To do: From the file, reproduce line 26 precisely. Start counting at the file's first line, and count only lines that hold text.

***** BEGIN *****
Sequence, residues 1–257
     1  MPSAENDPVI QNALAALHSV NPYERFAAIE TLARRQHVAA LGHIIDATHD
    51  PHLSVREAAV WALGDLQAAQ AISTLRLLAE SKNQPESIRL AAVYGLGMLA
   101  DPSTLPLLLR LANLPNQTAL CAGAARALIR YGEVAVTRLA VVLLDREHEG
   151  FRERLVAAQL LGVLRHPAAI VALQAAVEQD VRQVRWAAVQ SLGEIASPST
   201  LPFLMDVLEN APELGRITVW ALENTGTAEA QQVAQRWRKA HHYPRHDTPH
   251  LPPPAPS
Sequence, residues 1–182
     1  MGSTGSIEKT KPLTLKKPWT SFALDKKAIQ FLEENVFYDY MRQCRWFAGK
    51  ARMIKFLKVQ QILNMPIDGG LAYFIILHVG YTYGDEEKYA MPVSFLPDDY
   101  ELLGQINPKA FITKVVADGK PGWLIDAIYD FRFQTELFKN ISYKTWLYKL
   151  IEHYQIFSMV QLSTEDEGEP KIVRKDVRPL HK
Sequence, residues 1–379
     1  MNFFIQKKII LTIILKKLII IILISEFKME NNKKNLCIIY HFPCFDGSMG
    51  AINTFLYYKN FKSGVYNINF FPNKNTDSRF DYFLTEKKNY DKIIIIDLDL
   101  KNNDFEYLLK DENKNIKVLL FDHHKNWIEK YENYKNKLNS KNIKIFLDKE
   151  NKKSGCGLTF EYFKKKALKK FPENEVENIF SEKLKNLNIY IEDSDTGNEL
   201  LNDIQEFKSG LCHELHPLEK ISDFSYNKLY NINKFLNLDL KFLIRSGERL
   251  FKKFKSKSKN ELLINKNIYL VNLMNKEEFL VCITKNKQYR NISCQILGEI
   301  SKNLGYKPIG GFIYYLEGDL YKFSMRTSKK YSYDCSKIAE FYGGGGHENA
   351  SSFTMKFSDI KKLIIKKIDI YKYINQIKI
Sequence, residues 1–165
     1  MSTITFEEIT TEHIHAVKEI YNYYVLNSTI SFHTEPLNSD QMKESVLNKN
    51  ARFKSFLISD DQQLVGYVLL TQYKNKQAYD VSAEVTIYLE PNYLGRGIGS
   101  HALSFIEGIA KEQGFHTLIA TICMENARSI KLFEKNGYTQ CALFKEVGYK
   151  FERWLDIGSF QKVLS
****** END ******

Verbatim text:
   151  FERWLDIGSF QKVLS